The concept is not a precise measure nor a universal constant. For example, in America today, 20 percent of the population owns something more like 95% of the wealth. And the insight does not yield to prescriptive policy manuals. It is instead a way of thinking about resource allocation that can improve one’s effectiveness.

I wonder, among law professors, in what ways does the 80/20 rule manifest?  Here are some alluring candidates:

Eighty percent of law professors were trained at twenty percent of the nation’s law schools.

Do eighty percent of a prawf’s citations come from twenty percent of their articles?

Are eighty percent of your downloads on SSRN from twenty percent of your posted pieces?

Are twenty percent of law professors responsible for eighty percent of legal academic blogging, as Eric Goldman once forecast?

Do eighty percent of valuable classroom contributions come from only twenty percent of your students?

What other questions might this apply to for law professors? And what are the implications?

For one, being aware of the phenomenon can help define the activities that matter the most and allocate scarce productive resources on those.  Reflect upon what is special about the twenty percent of your scholarship yielding the vast majority of its influence.   Is it subject matter, methodology, orientation, clarity?  If twenty students in your 100-person classroom pull most of the weight, what should you do about that? Is it necessary to draw the rest in or capitalize on the phenomenon in some other way?

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Contracts Casebook Survey Results

The frightful stress gripping legal education is one reason why all law professors may be interested in the newly-released results of the Washington Law Review survey of law teachers of Contracts conducted in mid-2013.

Available here, the results from 138 respondents consist of numerical summaries of multiple choice questions and synthesis of their written comments that I culled.  A sampling from the latter appears below.

The results are of inherent interest to those teaching Contracts and speak to broader questions of legal pedagogy of value to others, including the allocation of time in the first year, the utility of the case method of instruction, and desire for change versus the tug of tradition.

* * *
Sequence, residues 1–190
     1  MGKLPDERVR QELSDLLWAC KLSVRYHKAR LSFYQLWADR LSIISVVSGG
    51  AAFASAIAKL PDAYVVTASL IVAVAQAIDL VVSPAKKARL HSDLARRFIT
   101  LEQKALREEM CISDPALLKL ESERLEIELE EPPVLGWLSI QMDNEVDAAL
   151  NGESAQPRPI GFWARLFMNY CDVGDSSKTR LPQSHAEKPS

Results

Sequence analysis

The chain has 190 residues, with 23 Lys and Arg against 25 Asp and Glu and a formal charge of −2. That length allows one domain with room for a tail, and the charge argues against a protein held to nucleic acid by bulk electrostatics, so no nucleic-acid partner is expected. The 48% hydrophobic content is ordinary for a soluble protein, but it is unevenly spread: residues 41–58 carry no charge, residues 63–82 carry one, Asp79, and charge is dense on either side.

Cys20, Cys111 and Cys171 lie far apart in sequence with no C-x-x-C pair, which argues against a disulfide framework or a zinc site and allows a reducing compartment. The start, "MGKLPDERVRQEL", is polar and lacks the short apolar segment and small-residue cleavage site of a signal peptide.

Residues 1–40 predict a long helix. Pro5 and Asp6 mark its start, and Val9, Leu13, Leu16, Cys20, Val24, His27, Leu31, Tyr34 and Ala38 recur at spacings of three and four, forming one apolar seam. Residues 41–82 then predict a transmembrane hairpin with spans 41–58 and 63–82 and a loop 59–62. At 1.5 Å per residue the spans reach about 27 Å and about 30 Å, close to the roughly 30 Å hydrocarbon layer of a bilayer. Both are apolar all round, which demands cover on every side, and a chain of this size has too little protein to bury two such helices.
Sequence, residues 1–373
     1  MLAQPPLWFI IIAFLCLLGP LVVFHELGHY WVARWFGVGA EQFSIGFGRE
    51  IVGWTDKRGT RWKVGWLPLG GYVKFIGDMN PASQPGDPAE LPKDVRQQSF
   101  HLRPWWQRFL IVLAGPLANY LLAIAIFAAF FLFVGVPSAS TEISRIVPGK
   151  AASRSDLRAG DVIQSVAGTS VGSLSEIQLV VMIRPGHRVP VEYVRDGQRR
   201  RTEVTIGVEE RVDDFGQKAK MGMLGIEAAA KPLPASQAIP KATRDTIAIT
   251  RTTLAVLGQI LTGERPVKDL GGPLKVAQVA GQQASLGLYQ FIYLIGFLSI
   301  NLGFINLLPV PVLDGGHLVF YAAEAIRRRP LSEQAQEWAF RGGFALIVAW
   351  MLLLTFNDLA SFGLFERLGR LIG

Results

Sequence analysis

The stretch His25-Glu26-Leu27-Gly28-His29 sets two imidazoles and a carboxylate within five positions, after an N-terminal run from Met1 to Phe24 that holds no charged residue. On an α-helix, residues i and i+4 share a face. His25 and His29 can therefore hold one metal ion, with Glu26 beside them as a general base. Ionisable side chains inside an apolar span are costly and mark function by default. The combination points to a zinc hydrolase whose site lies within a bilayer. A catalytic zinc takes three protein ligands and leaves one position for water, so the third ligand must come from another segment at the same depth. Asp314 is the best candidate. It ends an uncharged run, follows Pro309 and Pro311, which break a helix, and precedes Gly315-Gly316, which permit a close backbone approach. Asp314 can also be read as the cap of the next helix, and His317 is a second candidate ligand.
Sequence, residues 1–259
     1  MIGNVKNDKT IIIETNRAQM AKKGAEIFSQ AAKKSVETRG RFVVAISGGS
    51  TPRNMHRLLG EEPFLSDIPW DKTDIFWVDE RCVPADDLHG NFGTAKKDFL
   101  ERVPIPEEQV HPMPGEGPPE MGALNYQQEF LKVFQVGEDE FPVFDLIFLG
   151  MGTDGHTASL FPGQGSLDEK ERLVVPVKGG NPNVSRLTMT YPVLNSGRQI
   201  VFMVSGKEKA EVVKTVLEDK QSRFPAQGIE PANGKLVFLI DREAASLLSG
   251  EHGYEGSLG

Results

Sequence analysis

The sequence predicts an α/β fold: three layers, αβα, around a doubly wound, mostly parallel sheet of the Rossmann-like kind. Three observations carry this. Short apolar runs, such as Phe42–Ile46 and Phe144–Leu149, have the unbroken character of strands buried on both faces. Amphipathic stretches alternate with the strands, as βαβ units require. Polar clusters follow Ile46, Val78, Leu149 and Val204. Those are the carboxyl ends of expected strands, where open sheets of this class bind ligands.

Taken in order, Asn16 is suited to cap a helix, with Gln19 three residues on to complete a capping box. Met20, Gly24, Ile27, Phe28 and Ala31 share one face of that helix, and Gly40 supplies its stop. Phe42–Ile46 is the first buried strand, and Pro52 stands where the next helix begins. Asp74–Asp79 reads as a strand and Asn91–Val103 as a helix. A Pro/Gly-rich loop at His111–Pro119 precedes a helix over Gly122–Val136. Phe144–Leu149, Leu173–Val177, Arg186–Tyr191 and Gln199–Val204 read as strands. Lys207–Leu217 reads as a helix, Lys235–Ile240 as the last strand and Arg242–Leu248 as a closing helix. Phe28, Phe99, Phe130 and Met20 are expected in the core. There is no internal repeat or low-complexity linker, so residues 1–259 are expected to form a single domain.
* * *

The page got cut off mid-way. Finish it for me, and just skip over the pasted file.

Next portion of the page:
(The survey was done in connection with a symposium inspired by my recent book, Contracts in the Real World, which has also just been published, here, featuring contributions from Aditi Bagchi, Brian Bix, Larry DiMatteo, Erik Gerding, Charles Knapp, Jake Linford, and Jennifer Taub.)

Read More

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Call for Papers: National Business Law Scholars Conference

The Fifth Annual National Business Law Scholars Conference (NBLSC) will be held on Thursday-Friday, June 19-20, 2014, Loyola Law School, Los Angeles.  I had the honor of giving the keynote address at last year’s event (held at Ohio State) and can attest to an impressive group of scholars, papers, and ideas, in both quantity and quality. They come from across the U.S. and around the world.

The organizers (named below), welcome all scholarly submissions relating to business law. Presentations should focus on research appropriate for publication in academic journals, especially law reviews, and should make a contribution to the existing scholarly literature.  They try to provide the opportunity for everyone to actively participate. Junior scholars and those considering entering the legal academy are especially encouraged to participate.